Minor hardware upgrades aside, the real star of the show is still the accompanying app. It lets you tweak a number of things ranging from how strong the active noise cancelling is to EQ settings. The EQ settings are actually really helpful but the ANC adjustment, not so much. When you turn it all the way down it goes into “street mode” which lets you hear what’s going on around you, but by the time you take out your phone, find the app, and turn it down, it’s easier and quicker to just take off the headphones. Still, adjusting the EQ and saving your own presets is worth the free download since you can make the headphones sound significantly more to your liking. The built-in microphone was also surprisingly good and people couldn’t tell that I was talking to them from a pair of headphones.
Battery life is slightly better than the Zik 2.0’s, but only just. We were able to get about 7.5 hours of playback with both Bluetooth and ANC turned on. If you really need more than you can always get a spare battery since it’s removable, or use them in airplane mode. If you wire them to a device and only use ANC without Bluetooth Parrot claims it can last you around 18 hours, which is perfect for long flights. You can also charge these wirelessly with any Qi wireless charger you may or may not have lying around.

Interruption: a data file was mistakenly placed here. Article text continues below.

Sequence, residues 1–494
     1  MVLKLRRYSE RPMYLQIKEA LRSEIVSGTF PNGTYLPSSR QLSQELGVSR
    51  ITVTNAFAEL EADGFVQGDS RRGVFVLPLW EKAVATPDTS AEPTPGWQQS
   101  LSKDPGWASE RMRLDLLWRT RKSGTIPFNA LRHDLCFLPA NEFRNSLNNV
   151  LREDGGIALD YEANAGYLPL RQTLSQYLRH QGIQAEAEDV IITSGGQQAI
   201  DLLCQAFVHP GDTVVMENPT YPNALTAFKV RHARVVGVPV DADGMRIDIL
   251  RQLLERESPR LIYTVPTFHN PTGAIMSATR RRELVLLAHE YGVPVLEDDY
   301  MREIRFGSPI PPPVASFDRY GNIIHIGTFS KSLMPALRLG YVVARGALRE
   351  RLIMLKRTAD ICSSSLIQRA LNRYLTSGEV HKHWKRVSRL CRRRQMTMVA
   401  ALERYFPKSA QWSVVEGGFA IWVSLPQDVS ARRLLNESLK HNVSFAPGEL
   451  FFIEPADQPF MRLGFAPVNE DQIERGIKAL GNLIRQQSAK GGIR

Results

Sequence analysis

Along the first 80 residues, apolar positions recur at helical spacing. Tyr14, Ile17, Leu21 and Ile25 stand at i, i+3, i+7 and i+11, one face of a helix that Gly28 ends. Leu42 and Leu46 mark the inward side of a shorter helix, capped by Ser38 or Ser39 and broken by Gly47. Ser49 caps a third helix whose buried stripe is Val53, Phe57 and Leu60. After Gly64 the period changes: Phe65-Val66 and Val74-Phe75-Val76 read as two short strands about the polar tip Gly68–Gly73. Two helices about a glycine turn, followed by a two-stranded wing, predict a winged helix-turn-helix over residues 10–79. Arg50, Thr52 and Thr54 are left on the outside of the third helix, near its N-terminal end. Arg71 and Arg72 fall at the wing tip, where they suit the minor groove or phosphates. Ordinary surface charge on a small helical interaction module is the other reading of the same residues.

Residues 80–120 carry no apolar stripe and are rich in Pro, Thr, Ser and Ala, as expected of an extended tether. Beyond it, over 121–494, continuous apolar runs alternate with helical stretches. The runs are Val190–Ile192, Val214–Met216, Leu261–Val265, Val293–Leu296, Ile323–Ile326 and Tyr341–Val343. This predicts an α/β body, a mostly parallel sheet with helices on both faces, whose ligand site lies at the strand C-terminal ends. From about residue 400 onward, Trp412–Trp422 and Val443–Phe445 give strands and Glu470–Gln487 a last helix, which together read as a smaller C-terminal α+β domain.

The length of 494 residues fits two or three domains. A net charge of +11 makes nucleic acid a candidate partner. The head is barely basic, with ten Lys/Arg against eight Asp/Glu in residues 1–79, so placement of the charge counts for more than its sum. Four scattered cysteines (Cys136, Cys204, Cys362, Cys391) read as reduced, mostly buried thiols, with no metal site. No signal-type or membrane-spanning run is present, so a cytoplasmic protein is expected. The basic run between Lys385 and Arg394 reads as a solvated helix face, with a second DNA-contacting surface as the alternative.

The Parrot 3.0’s is very similar to the previous versions so if you’re looking for a big upgrade in sound quality you’re going to be disappointed. We did the majority of our testing wirelessly with ANC on max, but there was also some wired testing thrown in since you can plug them in via USB to a computer.
The low end is a perfect mix of accurate and emphasized, if that makes any sense. Usually those two descriptions are polar opposites, but in this case the accuracy of the bass is really enjoyable.
Mids weren’t the highlight of the headphones, but they weren’t bad at all. Background instruments like the rhythm guitar in “Run Baby Run” by Toro y Moi were nicely detailed and the spacing was just as good. Vocals could’ve used a little push in my opinion but they were still easily distinguishable.
The high end was also crisp and detailed with nothing ever sounding harsh. Details in guitar slides. hi-hats, and shakers in “Mellow Out” by Nathaniel Ratliff & The Night Sweats were borderline perfect.
The Zik 3.0’s are just as impressive as their predecessors, and even more so in some aspects like battery life and connectivity. The controls are effortless, they sound really good, and though they don’t exactly look “new” I still really enjoy the sleek minimal design. That said they’re not enough of an upgrade for you to ditch your 2.0’s and go running to grab a pair of these, but if these are going to be your first pair of Zik’s then you won’t be disappointed.
Another con is definitely the price. At $399, they’re not cheap but that puts them right in the middle of headphones like the Sennheiser Momentum Wireless 2.0’s and the Bose QC25’s. In fact, when it comes to sound quality, active noise cancelling, and features the Zik 3.0’s are pretty much right in the middle of those two as well.